Unlike many original viewers, I never lost interest in Twin Peaks during its initial run. I taped all the episodes on VHS when they eventually re-aired on Bravo, and of course I purchased the DVDs when they were finally released. Every few years, I’d watch the entire show again and re-immerse myself in Lynch’s amazing universe. I never even allowed myself to believe that Twin Peaks could return, especially since Lynch himself had often said he had no interest in revisiting the past.

 

And then an amazing thing happened: Showtime announced that Twin Peaks would return to the air in May 2017 as a limited series. Most of the original cast was scheduled to return, and Lynch himself would be directing (and co-writing) all 18 installments.

 

As a fan, it was a dream come true. I knew I’d finally get some sort of resolution to the show’s staggering cliffhanger finale, but I was equally intrigued by another question: If David Lynch had already changed the course of TV once before, what could he possibly do for an encore? How would the new Twin Peaks compare to the other great dramas of our time—shows that, in many ways, owe their very existence to Twin Peaks in the first place?

Twin Peaks

The answer to that is, like Twin Peaks itself, extremely complex. I spent every Sunday night last summer glued to Showtime as each new episode aired, and I regularly re-watched each installment at least two more times during the week. I also recently completed another binge-watch of the entire show, and I’m still not sure I’ve completely processed everything I saw.

 

There’s just so much to talk about, which is one reason I’m happy to let you know that the powers that be at The Rayva Roundtable have agreed to let me discuss the Twin Peaks revival over a series of articles. I’ll be able to break down plot points, discuss recurring themes, and attempt to tell you what I think really happened at the end (and believe me, there isn’t one simple way to describe it).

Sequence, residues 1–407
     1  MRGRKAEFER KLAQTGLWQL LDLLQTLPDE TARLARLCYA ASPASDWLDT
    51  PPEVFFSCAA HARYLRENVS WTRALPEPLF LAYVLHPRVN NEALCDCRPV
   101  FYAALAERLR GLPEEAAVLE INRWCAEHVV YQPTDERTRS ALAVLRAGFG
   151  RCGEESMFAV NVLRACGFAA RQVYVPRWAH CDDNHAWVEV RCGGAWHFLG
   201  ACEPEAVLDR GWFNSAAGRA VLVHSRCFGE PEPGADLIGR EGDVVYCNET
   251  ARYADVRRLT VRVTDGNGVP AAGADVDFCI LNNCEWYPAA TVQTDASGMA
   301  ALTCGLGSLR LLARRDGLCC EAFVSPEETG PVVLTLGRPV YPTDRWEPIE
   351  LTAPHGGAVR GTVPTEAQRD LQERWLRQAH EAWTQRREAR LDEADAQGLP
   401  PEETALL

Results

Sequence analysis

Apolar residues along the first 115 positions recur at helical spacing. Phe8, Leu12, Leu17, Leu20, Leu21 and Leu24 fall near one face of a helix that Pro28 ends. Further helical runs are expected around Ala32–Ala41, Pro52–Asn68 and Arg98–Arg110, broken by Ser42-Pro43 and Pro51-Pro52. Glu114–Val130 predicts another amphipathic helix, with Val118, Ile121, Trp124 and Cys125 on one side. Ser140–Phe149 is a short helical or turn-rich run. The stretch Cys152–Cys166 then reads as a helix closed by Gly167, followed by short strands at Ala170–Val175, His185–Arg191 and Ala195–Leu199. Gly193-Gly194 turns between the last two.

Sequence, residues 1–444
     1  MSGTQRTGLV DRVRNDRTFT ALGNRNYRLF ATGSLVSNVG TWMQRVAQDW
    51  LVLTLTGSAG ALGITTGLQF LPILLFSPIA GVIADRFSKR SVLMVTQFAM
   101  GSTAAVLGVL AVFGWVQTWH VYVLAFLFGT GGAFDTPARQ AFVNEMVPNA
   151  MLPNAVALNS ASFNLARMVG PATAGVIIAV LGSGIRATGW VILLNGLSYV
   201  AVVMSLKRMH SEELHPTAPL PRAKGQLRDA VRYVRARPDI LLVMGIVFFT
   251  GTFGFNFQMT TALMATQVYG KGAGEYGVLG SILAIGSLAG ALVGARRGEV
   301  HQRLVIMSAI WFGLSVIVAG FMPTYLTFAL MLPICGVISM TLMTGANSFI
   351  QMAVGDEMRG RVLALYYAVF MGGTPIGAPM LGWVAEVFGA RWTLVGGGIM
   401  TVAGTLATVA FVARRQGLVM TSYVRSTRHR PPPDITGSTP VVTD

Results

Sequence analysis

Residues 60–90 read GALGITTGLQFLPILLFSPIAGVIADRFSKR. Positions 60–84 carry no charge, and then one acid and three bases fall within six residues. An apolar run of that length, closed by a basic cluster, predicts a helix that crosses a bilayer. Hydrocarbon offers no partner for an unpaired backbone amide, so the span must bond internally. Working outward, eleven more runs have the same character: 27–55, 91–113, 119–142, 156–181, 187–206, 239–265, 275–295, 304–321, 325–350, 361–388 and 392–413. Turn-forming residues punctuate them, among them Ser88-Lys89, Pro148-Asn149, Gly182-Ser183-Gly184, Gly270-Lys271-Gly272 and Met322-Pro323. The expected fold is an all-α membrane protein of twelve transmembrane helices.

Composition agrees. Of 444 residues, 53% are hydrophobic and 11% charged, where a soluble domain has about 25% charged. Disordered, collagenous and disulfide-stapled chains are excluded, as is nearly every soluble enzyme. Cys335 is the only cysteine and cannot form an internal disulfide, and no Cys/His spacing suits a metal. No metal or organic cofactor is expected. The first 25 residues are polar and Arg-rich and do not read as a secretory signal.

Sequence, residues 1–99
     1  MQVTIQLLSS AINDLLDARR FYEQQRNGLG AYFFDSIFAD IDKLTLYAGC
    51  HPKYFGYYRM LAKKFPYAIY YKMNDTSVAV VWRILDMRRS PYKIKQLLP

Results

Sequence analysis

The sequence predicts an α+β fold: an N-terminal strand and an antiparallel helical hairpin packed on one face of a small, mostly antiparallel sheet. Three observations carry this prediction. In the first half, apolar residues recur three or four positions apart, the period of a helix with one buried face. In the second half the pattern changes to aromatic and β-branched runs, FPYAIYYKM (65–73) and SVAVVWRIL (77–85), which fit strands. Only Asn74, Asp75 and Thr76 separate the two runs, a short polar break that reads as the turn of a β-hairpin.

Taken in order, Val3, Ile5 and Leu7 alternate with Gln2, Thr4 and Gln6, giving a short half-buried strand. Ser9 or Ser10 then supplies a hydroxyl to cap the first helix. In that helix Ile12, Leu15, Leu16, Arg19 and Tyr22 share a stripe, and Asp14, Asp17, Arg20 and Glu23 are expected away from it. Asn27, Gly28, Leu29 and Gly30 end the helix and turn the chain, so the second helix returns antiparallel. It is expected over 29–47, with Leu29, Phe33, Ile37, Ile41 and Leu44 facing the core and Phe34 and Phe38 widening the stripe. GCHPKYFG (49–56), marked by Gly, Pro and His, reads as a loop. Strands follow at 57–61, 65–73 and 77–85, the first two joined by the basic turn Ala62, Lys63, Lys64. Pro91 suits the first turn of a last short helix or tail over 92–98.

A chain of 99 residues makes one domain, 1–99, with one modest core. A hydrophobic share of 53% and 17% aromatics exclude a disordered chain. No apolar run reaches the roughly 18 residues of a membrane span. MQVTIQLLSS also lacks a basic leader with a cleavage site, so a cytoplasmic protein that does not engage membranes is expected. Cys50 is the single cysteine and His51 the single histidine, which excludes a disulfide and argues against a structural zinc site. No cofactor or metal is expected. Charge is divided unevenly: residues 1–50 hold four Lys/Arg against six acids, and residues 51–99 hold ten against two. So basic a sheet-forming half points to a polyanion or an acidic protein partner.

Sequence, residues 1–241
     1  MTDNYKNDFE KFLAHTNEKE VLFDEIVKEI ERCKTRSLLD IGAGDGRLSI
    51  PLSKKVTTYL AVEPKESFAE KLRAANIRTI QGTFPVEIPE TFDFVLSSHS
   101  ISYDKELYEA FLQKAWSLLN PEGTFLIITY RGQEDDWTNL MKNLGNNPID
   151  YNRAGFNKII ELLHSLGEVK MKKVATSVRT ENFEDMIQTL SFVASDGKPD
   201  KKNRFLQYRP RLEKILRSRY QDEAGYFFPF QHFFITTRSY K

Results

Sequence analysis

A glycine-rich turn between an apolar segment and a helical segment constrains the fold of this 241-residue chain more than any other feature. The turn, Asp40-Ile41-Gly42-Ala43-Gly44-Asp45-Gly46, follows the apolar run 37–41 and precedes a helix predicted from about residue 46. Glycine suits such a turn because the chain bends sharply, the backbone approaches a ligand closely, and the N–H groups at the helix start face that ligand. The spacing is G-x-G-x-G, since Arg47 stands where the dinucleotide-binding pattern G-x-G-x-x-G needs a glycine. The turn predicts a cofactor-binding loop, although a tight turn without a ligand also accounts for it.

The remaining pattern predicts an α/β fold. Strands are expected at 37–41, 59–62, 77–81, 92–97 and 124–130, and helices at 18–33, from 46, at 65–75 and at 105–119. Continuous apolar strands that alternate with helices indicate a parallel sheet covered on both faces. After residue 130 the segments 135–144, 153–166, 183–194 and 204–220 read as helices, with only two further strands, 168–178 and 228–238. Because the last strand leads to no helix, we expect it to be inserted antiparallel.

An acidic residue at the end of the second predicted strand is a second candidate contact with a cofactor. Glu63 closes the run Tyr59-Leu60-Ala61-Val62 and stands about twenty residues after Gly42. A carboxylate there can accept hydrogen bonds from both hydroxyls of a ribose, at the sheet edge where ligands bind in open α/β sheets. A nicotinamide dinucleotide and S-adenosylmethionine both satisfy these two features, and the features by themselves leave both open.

For today, I will simply try to answer one question: In a market saturated with quality dramatic programming, is the new Twin Peaks really worth 18 hours of your valuable viewing time? The answer is unquestionably “Yes”—although you might start to doubt that at more than a few points along the journey.

 

Anyone simply expecting a nostalgic trip to the Double R Diner for pie and damn good coffee with Special Agent Dale Cooper will certainly be in for a huge disappointment. Yes, Kyle MacLachlan is the unquestioned star of the new series, but his actual on-air screen time as our beloved FBI agent is quite limited.

 

Instead, McLachlan steals the show in two remarkably different (and Emmy-worthy) roles. The character of Mr. C will make sense to anyone who remembers the finale of the original show—he’s a Cooper doppelgänger inhabited by Black Lodge denizen Bob. McLachlan also appears as Dougie Jones, a Vegas insurance agent who is actually the real Cooper after his escape from a 25-year stay inside the Black Lodge.

 

There’s only one problem: Dougie is a virtual vegetable who seems to have very little memory of who he really is and how he got there. In other words, Agent Cooper spends a majority of the Twin Peaks reboot acting nothing like Agent Cooper. 

 

As you might imagine, this was a source of great frustration for many viewers—myself included.  But at about the halfway point of the show, it all clicked into place for me. I knew where this new version of Twin Peaks was going, and I was thrilled to be a part of the ride. I can’t wait to share my views and theories with you in future articles—but first you’ll need to watch 18 hours of some pretty amazing television. 

 

A suggestion: Watch all 18 episodes as closely together as possible. The entire series was shot from one shooting script, and therefore really does play out like one long movie. The viewing won’t always be easy. It won’t always be fun. But like the original Twin Peaks from 28 years ago, you’ll be taken to a place both wonderful and strange—and the results are literally atomic.